NHL

Chicago NHL team bans Native American headdresses at home games

The National Hockey League's Chicago franchise said Wednesday they are banning headdresses at home games as part of their pledge to honour the Native American community.

Move comes after conversations to establish new policies and initiatives

Chicago's NHL team has decided to ban Native American headdresses at future home games, although all remaining games this season will be played in Edmonton. (Jonathan Daniel/Getty Images)

The National Hockey League's Chicago franchise said Wednesday they are banning headdresses at home games as part of their pledge to honour the Native American community.

The move comes after conversations with Native American partners to establish new policies and initiatives. While the team will play the remainder of its games this season in an empty arena in Edmonton, the no headdresses policy begins as soon as fans are allowed back at Chicago's United Center for games or events.

"These symbols are sacred, traditionally reserved for leaders who have earned a place of great respect in their tribe, and should not be generalized or used as a costume or for everyday wear," the team said.

Chicago plans to further integrate Native American culture and storytelling into game presentation and community involvement. They're also working to establish a new wing at Trickster Cultural Center, the only Native American-owned and operated arts institution in Illinois.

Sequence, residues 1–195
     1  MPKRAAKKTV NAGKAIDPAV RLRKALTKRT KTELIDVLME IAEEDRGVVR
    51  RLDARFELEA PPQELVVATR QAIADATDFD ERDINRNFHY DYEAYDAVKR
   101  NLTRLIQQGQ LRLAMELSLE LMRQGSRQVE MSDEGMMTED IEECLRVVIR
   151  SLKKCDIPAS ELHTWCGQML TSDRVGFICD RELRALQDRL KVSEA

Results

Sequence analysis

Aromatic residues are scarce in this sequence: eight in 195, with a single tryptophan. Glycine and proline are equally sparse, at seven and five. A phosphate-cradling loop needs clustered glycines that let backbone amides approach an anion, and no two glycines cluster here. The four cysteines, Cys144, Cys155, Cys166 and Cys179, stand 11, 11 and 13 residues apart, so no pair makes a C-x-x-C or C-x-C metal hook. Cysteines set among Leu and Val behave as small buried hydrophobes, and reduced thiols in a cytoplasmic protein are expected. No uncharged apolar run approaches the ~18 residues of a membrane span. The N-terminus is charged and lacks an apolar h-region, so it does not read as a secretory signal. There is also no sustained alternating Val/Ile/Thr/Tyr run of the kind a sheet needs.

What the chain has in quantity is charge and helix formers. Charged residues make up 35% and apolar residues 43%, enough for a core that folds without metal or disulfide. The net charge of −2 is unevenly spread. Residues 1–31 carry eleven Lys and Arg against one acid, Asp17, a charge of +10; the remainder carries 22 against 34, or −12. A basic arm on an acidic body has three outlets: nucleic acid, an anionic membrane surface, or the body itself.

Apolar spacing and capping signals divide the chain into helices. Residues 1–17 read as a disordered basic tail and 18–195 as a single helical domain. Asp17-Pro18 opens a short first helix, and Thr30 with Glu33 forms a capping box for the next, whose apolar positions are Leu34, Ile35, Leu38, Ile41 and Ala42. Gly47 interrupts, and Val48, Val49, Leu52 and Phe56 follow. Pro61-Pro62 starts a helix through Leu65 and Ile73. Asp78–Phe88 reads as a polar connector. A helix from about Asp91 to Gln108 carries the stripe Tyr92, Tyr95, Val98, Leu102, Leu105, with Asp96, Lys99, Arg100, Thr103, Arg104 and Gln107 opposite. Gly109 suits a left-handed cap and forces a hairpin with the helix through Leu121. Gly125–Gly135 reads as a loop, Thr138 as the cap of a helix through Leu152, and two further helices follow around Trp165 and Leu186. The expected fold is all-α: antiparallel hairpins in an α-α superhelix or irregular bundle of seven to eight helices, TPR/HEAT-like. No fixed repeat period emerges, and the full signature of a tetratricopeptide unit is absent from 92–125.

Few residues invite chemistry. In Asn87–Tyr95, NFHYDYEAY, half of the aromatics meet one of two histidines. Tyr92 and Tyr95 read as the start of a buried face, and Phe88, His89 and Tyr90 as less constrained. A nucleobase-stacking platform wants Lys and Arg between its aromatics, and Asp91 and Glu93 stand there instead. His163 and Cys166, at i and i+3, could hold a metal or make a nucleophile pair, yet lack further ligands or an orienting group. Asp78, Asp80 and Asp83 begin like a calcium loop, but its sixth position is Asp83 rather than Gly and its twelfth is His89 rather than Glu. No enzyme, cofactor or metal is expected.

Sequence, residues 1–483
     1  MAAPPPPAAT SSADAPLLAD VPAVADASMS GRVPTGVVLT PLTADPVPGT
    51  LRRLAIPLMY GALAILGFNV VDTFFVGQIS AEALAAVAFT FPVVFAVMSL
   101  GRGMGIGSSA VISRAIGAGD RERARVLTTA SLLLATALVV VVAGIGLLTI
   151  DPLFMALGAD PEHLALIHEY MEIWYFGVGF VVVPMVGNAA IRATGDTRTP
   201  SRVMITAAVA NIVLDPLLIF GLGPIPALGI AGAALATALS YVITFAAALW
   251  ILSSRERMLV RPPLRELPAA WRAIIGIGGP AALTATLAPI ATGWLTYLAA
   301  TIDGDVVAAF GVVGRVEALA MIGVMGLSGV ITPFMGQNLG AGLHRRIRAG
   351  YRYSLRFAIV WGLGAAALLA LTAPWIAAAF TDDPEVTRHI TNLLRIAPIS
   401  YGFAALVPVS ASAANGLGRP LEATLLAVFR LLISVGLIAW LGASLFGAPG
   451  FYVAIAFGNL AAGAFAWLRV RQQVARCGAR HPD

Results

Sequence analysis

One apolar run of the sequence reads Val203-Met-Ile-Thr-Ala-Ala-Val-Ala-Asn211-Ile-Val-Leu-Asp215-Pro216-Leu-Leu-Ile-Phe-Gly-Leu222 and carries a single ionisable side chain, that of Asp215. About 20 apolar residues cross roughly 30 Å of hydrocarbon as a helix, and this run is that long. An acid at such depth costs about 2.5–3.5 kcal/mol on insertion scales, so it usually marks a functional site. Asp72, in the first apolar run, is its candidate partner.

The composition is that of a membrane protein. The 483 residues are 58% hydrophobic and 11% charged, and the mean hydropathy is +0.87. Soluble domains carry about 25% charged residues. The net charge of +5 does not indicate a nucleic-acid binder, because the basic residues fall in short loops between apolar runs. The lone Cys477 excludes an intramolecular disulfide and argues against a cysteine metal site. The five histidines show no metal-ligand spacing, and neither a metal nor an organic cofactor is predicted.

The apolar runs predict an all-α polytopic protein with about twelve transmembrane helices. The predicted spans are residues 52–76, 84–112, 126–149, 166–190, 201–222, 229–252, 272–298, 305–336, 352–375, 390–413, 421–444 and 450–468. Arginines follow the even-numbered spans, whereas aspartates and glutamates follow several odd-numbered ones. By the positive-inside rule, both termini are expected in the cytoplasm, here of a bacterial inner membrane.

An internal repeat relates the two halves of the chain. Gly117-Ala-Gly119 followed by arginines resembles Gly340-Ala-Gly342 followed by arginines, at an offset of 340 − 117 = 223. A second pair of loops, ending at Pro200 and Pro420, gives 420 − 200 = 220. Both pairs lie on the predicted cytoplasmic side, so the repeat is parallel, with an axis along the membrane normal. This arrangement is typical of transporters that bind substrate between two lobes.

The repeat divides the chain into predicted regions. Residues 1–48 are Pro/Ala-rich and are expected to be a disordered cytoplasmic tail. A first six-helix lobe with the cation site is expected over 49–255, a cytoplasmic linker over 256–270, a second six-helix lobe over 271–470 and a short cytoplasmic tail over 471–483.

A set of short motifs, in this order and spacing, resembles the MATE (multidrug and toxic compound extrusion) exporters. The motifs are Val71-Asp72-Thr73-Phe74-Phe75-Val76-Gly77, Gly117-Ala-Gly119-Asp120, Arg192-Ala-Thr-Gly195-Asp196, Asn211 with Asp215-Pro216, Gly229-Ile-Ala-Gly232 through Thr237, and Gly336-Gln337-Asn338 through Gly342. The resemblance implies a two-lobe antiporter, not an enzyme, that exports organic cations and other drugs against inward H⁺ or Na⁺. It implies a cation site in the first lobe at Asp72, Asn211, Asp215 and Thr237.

The team said earlier this month it will continue to use its nickname because it honours a Native American leader who has been an inspiration to generations. The moniker was chosen in 1926 for the World War I military Blackhawk Division, which was named after Sauk nation leader Black Hawk.

"The Chicago Blackhawks name and logo symbolizes an important and historic person, Black Hawk of Illinois' Sac & Fox Nation, whose leadership and life has inspired generations of Native Americans, veterans and the public," the NHL team said in a statement in early July. "We celebrate Black Hawk's legacy by offering ongoing reverent examples of Native American culture, traditions and contributions, providing a platform for genuine dialogue with local and national Native American groups."

The national conversation on race and racism has increased pressure on professional sports teams to reconsider Native American names, mascots, logos and imagery. Washington's NFL team dropped its team name, and Major League Baseball's Cleveland team is considering making a change.

"We recognize there is a fine line between respect and disrespect, and we commend other teams for their willingness to engage in that conversation," the Chicago NHL team said. "Moving forward, we are committed to raising the bar even higher to expand awareness of Black Hawk and the important contributions of all Native American people."

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